GBM: Genetics, Biochemistry, and Microbiology

Four bacterial cultures in petri dish.
Photo courtesy of the Gardner Lab.

The cells of uni- and multicellular organisms carry out their biological functions through various types of molecules. Understanding how living organisms use information encoded by their genome or provided by the environment to synthesize and regulate these molecules and the mechanisms by which molecules interact to carry out their diverse functions is a fundamental problem in Biology. The biochemistry of the cell is the basis of many complex processes in the body, and its understanding will pave the way for targeted interventions and treatments for diseases. Classical approaches complemented with emerging “omics” techniques to further probe the complexity of these processes have enabled fundamental discoveries in the area of molecular biology. Students enrolled in the Genetics, Biochemistry and Microbiology (GBM) area of specialization will engage in cutting edge research using these various methodologies to investigate original questions under the guidance of the faculty listed below. In addition, upon consultation with their thesis advisor and committee, students will choose three or more courses from the following list.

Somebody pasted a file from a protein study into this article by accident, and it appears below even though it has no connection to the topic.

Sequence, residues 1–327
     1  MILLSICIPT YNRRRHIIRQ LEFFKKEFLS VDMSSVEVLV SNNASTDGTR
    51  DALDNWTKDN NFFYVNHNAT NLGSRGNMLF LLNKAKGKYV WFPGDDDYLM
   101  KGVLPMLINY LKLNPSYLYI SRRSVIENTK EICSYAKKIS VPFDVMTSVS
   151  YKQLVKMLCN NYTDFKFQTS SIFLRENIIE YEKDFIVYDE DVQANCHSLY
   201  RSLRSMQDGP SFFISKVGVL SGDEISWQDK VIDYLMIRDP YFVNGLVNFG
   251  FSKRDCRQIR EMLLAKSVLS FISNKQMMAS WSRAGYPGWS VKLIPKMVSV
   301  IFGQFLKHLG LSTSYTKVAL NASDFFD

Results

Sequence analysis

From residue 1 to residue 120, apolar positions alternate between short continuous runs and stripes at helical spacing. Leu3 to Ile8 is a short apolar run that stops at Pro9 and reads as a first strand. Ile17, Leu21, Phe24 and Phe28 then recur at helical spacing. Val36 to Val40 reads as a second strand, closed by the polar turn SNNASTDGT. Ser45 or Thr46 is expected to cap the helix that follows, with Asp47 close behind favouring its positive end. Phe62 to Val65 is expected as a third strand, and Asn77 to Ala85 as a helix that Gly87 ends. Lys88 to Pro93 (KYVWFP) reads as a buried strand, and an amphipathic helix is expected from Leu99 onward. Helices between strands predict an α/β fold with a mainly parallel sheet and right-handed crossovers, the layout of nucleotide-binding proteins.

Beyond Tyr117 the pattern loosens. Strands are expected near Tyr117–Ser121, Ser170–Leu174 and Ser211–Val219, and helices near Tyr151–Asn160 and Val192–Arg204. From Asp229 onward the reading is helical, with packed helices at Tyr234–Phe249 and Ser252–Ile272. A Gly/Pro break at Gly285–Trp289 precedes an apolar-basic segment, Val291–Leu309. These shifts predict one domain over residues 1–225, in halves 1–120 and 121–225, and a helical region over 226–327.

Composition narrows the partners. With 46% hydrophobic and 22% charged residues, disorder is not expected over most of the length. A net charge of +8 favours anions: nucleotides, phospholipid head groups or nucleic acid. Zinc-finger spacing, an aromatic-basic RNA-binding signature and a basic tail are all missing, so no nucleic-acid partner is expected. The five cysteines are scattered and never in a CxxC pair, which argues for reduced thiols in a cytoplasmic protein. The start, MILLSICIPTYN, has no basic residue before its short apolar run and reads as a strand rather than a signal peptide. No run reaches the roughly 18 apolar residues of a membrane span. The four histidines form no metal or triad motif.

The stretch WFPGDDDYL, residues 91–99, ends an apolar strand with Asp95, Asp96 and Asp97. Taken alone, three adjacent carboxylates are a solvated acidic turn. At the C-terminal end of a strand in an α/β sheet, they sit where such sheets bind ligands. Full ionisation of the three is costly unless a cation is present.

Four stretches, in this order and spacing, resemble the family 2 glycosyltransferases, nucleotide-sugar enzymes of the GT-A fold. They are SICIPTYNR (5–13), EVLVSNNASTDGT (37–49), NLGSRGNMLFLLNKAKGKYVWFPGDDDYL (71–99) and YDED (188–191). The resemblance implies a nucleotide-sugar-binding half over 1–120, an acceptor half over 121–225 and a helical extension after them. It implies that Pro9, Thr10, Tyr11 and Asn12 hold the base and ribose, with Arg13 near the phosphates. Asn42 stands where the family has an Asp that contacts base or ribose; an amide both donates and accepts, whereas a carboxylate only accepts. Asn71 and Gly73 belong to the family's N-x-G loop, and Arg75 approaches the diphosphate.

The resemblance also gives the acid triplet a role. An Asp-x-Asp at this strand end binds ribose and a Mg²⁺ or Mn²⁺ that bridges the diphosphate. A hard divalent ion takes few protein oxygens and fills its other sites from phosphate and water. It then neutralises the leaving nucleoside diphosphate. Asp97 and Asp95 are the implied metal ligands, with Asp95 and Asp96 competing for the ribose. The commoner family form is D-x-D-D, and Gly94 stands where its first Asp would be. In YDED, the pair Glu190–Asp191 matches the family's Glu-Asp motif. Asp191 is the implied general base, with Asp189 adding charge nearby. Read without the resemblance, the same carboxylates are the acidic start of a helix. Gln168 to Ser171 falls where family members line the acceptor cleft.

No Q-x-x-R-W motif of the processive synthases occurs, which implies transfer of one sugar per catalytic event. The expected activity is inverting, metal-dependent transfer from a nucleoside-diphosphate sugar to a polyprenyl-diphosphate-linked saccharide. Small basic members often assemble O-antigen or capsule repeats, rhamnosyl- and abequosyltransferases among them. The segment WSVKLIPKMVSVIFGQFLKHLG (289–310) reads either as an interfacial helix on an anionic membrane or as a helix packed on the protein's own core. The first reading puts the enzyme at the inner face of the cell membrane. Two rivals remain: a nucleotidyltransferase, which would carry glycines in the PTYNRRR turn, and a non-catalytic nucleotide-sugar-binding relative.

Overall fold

Courses of interest

● Bacterial Physiology (BIOL 611)
● Microbial Systems Biology (BIOL 612)
● Advanced Topics in Cell Biology (BIOL 620)
● Immunology (BIOL 625)
● Approaches to Molecular Biology (BIOL 626)
● Introduction to Developmental Biology (BIOL 642)
● Advanced Topics in Developmental Biology (BIOL 643)
● Development and Cancer (BIOL 644)
● Signal Transduction (BIOL 645)
● Neurobiology (BIOL 651)
● Vision Science (BIOL 654)
● Plant Molecular Biology (BIOL 656)
● Genome Science (BIOL 686)
Courses from other AOS


Charles Bieberich: Cancer biology
Rachel Brewster: Brain developmental and metabolism
Kathleen CusickMicrobial ecology; Harmful algal blooms
David Eisenmann: Wnt signaling and cell fate specification
Philip Farabaugh: Molecular genetics of translational accuracy
Jeffrey Gardner: Bacterial physiology; Systems and synthetic biology
Erin Green: Epigenetic regulation of the genome
Jeff Leips: Genetic basis of aging 
Daniel Lobo: System genetics and signaling networks
Hua Lu: Mechanisms of plant immunity
Stephen Miller: Development of green algae; algal biotechnology
Achuth PadmanabhanCancer biology
Harold Schreier: Microbial genetics, ecology, and physiology
Michelle Starz-Gaiano: Regulation of cell motility
Fernando Vonhoff: Neurodevelopment and degeneration